It’s why lots of us are willing to travel hundreds of miles to attend a conference with tons of other people we’ve never met, just to be around folks who feel like friends within minutes, when you can simply walk up to somebody else and compliment their Star Trek shirt, and you spend the next 2 hours having coffee with them.

As a spec fic artist of any sort, you can sometimes feel isolated from the rest of your community. Thank God for Twitter, because I found a whole bunch of Christian geeks, before I even knew such a thing existed! And since my local library hired a staff member who watches/reads most of the stuff I do, I truly feel like my immediate social circle is widening. And though there are plenty of very valid reasons I won’t be able to go to Realm Makers, I do still wish I could — because I would, for once, feel at ease extroverting.

Occasionally, we can’t even win with the “mainstream” spec fic folks — the ones that feel faith and spiritual practices are ridiculous. Not that this covers all of them, not by a long shot. But indeed, the blending of Christian beliefs and fantasy or sci-fi or dystopia is a relatively new thing. Too many well-meaning people of the Church felt it was necessary to do away with superstitions and folklore throughout the centuries, until the idea of otherworldly creatures and dimensions and physics were reduced to Disney films. (This perspective also told agnostic/non-believing SF people that there was no room for God in their art, which has been just as damaging.)

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I take issue with so much of this, and I know I’m not alone. So, yes, we can all band together, and hopefully work through our own differences about religion and politics (the unmentionable subjects), and maybe, one day, the entire spec fic community will be on the same page (yes, pun intended).

Especially since Christian SF authors and artists have a lot of valuable stuff to contribute. We can encourage people to think about God, about society, about laws, morals and traditions in a very different way to those who write/draw/act/produce media minus a faith/spiritual-based foundation. We should be invited to the table, to openly debate philosophy and ideology, science and legend. Nor should we receive backlash from churchgoers for including magic and myths and fairytales in our works that also search for God and Heaven.

And we should be promoted just as much as non-SF artists. We shouldn’t get relegated to the back of the metaphorical room simply because of what we write or read or watch. We should have the chance to reach just as many people as our mainstream counterparts.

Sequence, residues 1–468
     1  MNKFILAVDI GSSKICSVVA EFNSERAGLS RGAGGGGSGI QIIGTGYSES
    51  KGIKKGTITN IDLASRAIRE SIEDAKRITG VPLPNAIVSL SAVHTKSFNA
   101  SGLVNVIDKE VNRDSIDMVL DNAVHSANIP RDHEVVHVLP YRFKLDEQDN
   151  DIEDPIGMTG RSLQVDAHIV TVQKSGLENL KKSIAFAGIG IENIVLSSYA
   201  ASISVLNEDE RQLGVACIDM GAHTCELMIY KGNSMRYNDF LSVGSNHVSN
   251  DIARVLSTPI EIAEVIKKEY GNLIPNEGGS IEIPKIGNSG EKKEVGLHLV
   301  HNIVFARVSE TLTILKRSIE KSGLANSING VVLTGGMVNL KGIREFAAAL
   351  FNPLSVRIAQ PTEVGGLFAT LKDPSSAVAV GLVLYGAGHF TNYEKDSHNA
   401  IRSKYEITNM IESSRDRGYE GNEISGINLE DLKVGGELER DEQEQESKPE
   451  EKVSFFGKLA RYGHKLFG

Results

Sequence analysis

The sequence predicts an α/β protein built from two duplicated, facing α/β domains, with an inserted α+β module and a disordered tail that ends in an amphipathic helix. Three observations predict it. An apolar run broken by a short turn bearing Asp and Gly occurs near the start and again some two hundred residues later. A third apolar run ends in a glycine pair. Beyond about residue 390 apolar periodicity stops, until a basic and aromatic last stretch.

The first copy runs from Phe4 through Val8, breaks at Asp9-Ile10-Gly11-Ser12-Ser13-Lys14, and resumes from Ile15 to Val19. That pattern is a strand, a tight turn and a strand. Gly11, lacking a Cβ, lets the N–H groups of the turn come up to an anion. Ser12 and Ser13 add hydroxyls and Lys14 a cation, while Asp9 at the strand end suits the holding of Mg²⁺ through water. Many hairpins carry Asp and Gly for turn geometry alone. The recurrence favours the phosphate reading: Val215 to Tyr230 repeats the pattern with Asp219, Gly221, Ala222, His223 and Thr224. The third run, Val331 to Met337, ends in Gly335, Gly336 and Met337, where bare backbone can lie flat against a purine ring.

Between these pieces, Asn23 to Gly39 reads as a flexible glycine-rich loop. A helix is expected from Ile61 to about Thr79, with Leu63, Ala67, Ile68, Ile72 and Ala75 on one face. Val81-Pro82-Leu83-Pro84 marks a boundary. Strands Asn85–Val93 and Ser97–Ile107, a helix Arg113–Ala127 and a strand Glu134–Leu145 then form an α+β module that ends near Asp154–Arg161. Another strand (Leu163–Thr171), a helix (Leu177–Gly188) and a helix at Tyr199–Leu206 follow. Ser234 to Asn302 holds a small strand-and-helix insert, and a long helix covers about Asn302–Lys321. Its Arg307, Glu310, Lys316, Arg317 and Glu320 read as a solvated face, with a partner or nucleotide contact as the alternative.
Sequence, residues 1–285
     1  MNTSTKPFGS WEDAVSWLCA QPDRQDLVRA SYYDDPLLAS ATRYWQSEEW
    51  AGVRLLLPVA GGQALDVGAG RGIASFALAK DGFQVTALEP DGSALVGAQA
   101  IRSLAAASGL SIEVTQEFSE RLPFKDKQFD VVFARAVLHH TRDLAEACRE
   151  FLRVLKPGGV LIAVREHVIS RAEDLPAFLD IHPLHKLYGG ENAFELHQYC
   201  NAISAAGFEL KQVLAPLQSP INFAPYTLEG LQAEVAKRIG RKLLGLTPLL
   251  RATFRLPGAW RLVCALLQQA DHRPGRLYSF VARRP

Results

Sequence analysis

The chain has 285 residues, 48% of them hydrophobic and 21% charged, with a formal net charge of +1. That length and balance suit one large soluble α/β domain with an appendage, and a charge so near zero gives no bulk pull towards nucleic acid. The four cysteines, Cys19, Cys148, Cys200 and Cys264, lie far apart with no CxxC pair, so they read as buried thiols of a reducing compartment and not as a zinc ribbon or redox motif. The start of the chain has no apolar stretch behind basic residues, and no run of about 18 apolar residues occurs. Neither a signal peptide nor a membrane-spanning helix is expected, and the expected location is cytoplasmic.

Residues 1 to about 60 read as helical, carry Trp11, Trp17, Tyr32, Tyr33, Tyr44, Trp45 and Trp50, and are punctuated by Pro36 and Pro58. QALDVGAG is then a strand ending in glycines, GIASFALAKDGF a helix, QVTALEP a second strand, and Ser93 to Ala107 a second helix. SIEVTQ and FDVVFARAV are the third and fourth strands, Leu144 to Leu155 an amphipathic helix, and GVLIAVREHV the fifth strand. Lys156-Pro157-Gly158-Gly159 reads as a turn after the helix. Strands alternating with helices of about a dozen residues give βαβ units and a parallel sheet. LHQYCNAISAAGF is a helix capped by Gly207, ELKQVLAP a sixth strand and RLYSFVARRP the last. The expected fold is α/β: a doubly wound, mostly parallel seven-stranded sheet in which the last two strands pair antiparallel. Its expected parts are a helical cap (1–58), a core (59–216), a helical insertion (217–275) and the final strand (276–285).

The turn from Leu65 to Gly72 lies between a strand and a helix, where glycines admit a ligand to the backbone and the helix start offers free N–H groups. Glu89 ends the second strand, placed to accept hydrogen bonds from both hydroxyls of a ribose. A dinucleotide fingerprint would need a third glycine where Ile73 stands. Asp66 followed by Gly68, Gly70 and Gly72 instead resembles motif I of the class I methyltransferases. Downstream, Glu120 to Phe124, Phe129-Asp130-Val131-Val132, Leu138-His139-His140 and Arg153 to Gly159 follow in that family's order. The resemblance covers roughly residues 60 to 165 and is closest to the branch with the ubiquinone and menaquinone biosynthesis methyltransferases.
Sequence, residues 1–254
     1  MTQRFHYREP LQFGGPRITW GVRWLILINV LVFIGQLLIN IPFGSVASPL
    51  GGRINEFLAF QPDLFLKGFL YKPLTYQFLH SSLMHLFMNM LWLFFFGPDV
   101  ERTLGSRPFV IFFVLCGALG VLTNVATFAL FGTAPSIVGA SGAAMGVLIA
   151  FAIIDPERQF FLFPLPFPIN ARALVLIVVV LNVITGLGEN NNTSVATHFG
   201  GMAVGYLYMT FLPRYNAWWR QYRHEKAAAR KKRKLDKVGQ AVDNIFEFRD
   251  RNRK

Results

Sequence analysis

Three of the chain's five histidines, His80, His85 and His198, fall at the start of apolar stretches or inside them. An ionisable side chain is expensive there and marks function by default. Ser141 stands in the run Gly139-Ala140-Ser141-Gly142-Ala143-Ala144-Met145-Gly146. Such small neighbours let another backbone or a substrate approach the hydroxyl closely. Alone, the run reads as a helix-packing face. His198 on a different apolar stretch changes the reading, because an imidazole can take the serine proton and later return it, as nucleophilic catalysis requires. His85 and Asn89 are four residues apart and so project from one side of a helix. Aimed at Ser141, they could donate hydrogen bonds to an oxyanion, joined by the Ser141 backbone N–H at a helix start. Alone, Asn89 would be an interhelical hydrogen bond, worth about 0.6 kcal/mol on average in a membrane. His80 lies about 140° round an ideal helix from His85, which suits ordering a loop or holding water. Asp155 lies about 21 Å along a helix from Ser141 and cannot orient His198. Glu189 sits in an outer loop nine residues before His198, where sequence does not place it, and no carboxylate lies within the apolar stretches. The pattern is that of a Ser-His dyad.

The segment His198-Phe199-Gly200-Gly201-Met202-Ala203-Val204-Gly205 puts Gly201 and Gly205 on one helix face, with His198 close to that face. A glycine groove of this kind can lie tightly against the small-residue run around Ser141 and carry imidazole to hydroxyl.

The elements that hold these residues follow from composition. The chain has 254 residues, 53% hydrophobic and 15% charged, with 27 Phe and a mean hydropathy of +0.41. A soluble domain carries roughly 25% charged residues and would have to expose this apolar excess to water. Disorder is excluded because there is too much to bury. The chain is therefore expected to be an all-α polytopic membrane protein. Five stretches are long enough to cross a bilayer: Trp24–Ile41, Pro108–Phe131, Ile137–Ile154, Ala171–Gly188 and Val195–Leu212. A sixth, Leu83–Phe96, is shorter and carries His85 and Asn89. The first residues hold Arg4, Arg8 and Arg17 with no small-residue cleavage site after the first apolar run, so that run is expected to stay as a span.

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I’m facing this quandary right now as I attempt to fix/work more on How To Be A Savage. It’s a completely contemporary piece (one of my very few), and there are days when I know I just can’t. I have to write about unicorns and mermaids and poohkas that afternoon.

It’s important for me to write HTBAS in a “real world” vein, since it’s addressing serious topics in the real world, and I want to make an impact on these things that I feel are necessary to hash out, for the sake of our children and future generations. Sometimes we can’t run off to a distant galaxy to do this (as much as we’d like to, myself included).

And I already know (without running a poll or anything) that this Own Voices novel will interest more people than my fantasy series. There are folks who won’t hesitate to pick up HTBAS, and have never heard of The Order of the Twelve Tribes. And all of this is hard for me not to take personally.

Yet, my goal for Savage is to educate people about autism, on a broader scale than my autistic characters in Volumes 1-5. There are different standards, different expectations — of my own making.

As I said, the conundrum.

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Fantasy fiction, self-publishing, The Invisible Moth

Volume 3: Title and Cover Reveal!


Yes, everybody, here it is! Making its in-person debut at Realm Makers this year, Volume 3 of The Order of the Twelve Tribes shall be called Healers and Warriors, and this is the cover you need to be on the lookout for. Another fantastic design by The Kyle Robert Shultz (#shultzwithoutac), Healers and Warriors will be available in paperback in the very near future. You can find it on Barnes& even if you can’t be at Realm Makers, and online purchases will be possible long after the conference is finished.

I don’t have a concrete release date yet, but I estimate around July 1st. A limited number of autographed copies can be acquired through Kyle at the Realm Makers conference July 19th-21st (so hunt him down while you can — but please be gentle, he still has other covers to create for me). And, as previously mentioned, if you need to place an online order, you’ll be able to do so anytime after I approve Volume 3’s publication.

There have been a few bumps in the road to release for this one, so I (and Kyle) greatly appreciate all of your patience and ongoing support. I’ll be back with more updates soon!